One small step for Simi Valley High, one more giant step for Shawn DeLaittre.
As expected, the Pioneers routed Hoover, their Southern Section 4-A Division first-round playoff opponent, Saturday night at Simi Valley.
And, as also has come to be expected, DeLaittre, the Pioneers' 6-foot, 5-inch forward, was a major contributor in Simi Valley's 82-54 win, scoring 31 points and grabbing 18 rebounds.
DeLaittre's ferocious inside play, including rapidly improving post moves, decimated a much shorter Hoover front line.
Accused of disappearing in the big games in the past, DeLaittre has not only been visible for Simi Valley when crunch time rolls around this season, he--along with center Don MacLean--has been nearly unstoppable.
"I don't need to say anything, but that's the way Shawn plays all the time," Simi Valley Coach Bob Hawking said. "He's a big-time player in big-time games. Somewhere along the line somebody got a misconception."
Any such misconceptions are now gone. DeLaittre has honed his game until it is nearly on par with that of MacLean, the Pioneers' 6-10 All-American center who averages 33.8 points a game. DeLaittre's average has improved to 21.7.
The game was played before a packed house of 2,500, including UCLA Coach Walt Hazzard and Bruin player Trevor Wilson.
MacLean scored 25 against Hoover but missed 6 of his first 8 field-goal attempts, pushing DeLaittre into his personal showtime.
"I knew there were a lot of teams scouting us tonight and I didn't want to show them all my moves," DeLaittre said. "But I had to."
In basketball these days, at least where Simi Valley's opponents are concerned, the slow-down offense is in vogue.
It is a defensive offense, one that consists of as many passes a team can make before players' arms get weary. Then, the team--Hoover, in this case--looks for the easy layup.
How simple it all sounds.
But Simi Valley has seen it before and has yet to be beaten by it this season.
So, even with the Pioneers ahead only 7-6 after one quarter, there were no signs of confusion or frustration.
"When you're passive offensively, the tendency is to make mistakes," Hawking said, "and almost be in a state of shock when the opportunity to score presents itself."
Thus shocked, Hoover made only 6 of 17 field-goal attempts in the first half and 18 of 56 for the game.
DeLaittre, in the meantime, went to work, scoring 15 points in the second quarter, and MacLean scored 12 in the third. MacLean got his points despite being bothered by a small cut on the middle finger of his right--and shooting--hand.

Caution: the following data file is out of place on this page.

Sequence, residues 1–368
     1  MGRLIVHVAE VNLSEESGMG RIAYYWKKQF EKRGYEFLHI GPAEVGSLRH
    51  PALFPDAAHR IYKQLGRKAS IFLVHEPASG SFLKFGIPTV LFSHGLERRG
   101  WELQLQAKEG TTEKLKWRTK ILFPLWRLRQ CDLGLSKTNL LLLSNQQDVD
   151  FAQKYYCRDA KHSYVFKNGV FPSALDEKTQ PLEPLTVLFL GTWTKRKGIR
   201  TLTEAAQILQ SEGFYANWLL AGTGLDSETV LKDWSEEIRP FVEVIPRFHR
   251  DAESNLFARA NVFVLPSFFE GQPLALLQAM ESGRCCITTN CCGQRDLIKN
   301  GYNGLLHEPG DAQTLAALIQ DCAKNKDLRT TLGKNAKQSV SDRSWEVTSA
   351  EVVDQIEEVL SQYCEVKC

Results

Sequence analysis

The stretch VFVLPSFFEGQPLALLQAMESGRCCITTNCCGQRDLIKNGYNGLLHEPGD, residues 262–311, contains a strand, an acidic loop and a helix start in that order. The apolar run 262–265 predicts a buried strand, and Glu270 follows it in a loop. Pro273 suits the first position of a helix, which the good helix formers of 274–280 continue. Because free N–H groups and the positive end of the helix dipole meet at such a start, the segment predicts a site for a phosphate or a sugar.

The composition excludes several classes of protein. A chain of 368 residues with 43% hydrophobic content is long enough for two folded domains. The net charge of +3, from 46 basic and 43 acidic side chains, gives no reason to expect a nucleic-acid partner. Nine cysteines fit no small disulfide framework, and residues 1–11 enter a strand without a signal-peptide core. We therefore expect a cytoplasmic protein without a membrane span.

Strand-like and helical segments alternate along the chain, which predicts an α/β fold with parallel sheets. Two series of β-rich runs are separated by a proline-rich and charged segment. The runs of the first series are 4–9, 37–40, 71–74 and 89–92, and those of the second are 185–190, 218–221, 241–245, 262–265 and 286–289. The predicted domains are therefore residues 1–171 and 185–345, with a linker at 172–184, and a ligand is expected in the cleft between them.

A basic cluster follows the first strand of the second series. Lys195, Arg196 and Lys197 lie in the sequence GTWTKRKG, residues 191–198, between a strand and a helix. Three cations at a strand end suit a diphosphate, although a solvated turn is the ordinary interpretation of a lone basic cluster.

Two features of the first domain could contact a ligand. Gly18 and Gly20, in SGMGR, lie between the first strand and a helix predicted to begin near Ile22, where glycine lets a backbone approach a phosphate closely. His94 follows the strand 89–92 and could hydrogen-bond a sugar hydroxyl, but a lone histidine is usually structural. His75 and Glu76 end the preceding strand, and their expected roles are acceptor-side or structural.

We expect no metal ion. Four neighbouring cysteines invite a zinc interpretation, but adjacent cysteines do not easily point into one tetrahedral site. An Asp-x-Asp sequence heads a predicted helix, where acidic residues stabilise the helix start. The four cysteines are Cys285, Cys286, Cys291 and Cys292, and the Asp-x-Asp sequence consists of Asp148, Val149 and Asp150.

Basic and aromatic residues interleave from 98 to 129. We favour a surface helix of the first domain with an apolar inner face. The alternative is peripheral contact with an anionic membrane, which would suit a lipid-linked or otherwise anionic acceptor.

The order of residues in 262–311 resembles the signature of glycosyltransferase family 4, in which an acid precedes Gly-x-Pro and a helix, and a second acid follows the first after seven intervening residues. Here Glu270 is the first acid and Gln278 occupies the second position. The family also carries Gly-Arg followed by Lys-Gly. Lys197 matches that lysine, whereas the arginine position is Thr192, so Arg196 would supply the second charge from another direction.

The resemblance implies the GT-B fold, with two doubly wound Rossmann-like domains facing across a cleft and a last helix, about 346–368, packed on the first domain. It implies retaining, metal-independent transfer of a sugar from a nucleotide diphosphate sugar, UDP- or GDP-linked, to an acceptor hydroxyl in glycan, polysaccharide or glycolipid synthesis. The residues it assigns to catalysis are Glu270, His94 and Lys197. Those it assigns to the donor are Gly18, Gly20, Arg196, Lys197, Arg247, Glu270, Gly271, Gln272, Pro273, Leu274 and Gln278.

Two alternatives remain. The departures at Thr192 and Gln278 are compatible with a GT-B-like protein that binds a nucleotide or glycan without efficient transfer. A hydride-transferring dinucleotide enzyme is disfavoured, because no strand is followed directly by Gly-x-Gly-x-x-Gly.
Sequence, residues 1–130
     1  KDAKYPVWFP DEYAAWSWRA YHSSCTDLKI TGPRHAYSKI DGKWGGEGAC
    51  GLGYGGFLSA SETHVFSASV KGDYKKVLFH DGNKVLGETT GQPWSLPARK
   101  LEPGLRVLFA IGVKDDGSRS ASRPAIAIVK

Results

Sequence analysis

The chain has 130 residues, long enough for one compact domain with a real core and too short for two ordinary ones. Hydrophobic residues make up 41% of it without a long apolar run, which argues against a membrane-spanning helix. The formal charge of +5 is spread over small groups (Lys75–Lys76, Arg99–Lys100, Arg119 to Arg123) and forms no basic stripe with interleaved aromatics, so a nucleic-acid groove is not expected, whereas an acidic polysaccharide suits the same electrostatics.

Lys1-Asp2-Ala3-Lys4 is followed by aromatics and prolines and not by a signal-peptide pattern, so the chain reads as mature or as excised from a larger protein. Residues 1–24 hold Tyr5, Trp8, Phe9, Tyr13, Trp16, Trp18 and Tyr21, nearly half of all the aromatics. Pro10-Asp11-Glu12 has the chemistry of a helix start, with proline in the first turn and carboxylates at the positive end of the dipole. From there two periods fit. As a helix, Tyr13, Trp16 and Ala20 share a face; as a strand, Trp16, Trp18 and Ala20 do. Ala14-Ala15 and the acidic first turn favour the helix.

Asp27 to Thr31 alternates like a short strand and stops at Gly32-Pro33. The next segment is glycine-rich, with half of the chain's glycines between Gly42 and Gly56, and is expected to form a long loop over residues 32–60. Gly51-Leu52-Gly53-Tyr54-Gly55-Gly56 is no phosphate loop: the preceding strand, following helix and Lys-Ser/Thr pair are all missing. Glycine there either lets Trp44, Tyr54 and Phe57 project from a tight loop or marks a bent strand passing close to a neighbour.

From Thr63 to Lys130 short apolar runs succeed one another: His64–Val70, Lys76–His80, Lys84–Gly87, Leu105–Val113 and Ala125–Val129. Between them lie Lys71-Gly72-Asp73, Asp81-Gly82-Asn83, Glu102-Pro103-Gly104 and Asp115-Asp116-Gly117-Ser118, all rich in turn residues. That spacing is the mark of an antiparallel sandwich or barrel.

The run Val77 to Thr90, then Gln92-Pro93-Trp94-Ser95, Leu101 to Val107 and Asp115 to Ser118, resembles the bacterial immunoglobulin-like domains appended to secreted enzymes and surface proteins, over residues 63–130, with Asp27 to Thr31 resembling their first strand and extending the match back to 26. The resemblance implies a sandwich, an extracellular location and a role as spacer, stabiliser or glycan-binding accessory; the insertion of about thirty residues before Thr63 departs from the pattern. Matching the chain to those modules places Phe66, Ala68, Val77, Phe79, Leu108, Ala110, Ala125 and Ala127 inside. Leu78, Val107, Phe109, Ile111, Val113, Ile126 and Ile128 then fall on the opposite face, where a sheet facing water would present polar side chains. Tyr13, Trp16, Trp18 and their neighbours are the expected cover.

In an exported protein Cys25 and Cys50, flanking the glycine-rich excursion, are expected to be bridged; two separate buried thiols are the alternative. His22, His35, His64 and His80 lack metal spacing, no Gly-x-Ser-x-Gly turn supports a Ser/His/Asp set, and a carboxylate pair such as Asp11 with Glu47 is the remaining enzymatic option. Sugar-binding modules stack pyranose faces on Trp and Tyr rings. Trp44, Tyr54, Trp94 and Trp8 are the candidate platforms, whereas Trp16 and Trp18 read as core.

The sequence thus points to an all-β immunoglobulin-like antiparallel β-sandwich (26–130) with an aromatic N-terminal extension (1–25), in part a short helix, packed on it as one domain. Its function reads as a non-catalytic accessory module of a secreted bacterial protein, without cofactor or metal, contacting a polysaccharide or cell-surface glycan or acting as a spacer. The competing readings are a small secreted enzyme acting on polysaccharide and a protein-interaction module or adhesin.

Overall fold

"I just had to quit thinking about my finger," MacLean said. "I was thinking too much about my shot and too much about my game."
DeLaittre's jump hook in the lane gave Simi Valley its first 10-point lead, 27-17, with one minute left in the first half.
The Tornadoes, behind a team-high 19 points from guard Joe Velasquez, stayed within range for much of the third quarter. The Pioneers, however, went on a 12-0 run late in the quarter to lead, 51-27. MacLean and DeLaittre combined for 10 points on the tear.
"The first quarter we did execute what I wanted to do," Hoover Coach Kirt Kohlmeier said. "If we had stuck to that we would have been OK."
They didn't, and they weren't.
Defensively, Simi Valley pulled Hoover out of its semi-stall with pressure on the ball and the quick hands of Darren Aurand, Mike Langford and Butch Hawking.
Hoover turned the ball over 16 times, 14 times in the final three quarters. On the heels of steals and defensive rebounding, the Pioneers dusted off their running game over the preferred half-court offense.
"It's a lot of fun when you get out on the break and the big guys start rebounding," Butch Hawking said. "It's just a lot of fun to run."
And to win, which Simi Valley has done a lot of recently--14 games in a row.
Hoover, which was forced to play Simi Valley on Thursday after a restraining order reinstated Muir for the playoffs, finished 13-11.
Simi Valley (23-3), ranked No. 1 in the Southern Section by The Times, plays Warren of Downey Tuesday at a site to be determined by today's coin flip.